Addiction Starts Early in American Society, Report Finds
WEDNESDAY June 29, 2011 -- A new study reveals that 90 percent of Americans who are addicted to tobacco, alcohol or other substances started smoking, drinking or using drugs before they were 18 years old.
The study also found that one-quarter of Americans who began using any addictive substance before age 18 are addicted, compared with one in 25 Americans who started using an addictive substance when they were 21 or older.
And nearly half of American high school students now smoke, drink or use other drugs, according to the researchers at the National Center on Addiction and Substance Abuse (CASA) at Columbia University.
They said their findings show that adolescence is the most important period of life for the start of substance abuse and its consequences.
"Addiction is a disease that in most cases begins in adolescence, so preventing or delaying teens from using alcohol, tobacco or other drugs for as long as possible is crucial to their health and safety," Susan Foster, CASA's vice president and director of policy research and analysis, said in a CASA news release. "We rightfully worry about other teen health problems like obesity, depression or bullying, but we turn a blind eye to a more common and deadly epidemic that we can in fact prevent."
In teenagers, the brain is not fully developed, increasing the chances that they'll take risks, including using addictive substances that hamper brain development, impair judgment and increase the risk of addiction, the study authors explained.
The investigators found that 75 percent (10 million) of all U.S. high school students have used addictive substances such as tobacco, alcohol, marijuana or cocaine, and that 20 percent of these students meet the medical criteria for addiction. Currently, 46 percent (6.1 million) of all U.S. high school students use addictive substances and one-third of them meet the medical criteria for addiction.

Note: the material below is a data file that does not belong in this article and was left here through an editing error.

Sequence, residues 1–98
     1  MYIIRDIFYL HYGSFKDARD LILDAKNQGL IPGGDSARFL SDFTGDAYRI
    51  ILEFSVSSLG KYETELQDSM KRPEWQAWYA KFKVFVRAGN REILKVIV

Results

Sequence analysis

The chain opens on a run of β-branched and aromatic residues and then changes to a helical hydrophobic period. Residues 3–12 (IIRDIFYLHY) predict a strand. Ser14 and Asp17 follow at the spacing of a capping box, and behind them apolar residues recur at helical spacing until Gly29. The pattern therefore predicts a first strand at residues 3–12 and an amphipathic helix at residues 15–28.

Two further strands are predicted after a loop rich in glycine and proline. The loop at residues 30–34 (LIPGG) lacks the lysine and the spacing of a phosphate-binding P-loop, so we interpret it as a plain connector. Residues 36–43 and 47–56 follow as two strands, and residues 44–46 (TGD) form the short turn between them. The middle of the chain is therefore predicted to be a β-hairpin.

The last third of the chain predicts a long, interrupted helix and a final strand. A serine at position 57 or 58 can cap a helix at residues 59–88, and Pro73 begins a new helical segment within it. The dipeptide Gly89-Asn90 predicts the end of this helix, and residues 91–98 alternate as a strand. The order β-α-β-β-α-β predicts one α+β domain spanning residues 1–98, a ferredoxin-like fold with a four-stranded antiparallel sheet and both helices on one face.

Nearly three-quarters (72.5 percent) of U.S. high school students have consumed alcohol, 46.3 percent have smoked cigarettes, almost 37 percent have used marijuana, about 15 percent have misused prescription drugs, and over 65 percent have used more than one addictive substance, the study authors stated.
A number of social factors are linked to the high risk of addictive substance use by American teens, according to the researchers. These include: acceptance of substance use by parents, schools and communities; widespread advertising of products such as alcohol and cigarettes; and media depictions of substance use as harmless, glamorous, fun and relaxing.
In addition, tobacco, alcohol, marijuana and prescription drugs are widely available to teens.
Teen substance use is the largest preventable and most expensive public health problem in the United States, according to the study. The immediate costs per year of teen substance use include an estimated $68 billion associated with underage drinking and $14 billion in substance-related juvenile justice costs.
The total national cost of substance use by people of all ages is at least $468 billion per year, or nearly $1,500 for every person in the nation, the report indicates.
"The combination of adolescence, an American culture that glorifies and promotes substance use, and easy access to tobacco, alcohol and other drugs creates a perfect storm for our teens and for taxpayers," Jim Ramstad, a CASA board member who also chaired the report's National Advisory Commission, said in the news release.
"We no longer can justify writing off adolescent substance use as bad behavior, as a rite of passage or as kids just being kids. The science is too clear, the facts are too compelling, the health and social consequences are too devastating and the costs are simply too high," he added.
The study offers a number of recommendations including:
- Educating the public that teen substance use is a public health problem and that addiction is a medical problem that in most cases begins in adolescence.
- Using effective public health strategies to prevent or delay the start of substance use.
- Routine screenings to identify teens most at risk.
- Early intervention to prevent further substance use and consequences.
- Giving teens with substance use disorders appropriate medical treatment.
The study findings are based on online surveys of 1,000 high school students, 1,000 parents of high school students and 500 school personnel; analyses of seven national data sets; interviews with 50 leading experts; five focus groups with students, parents and school personnel; and a review of 2,000 scientific articles and reports.
Posted: June 2011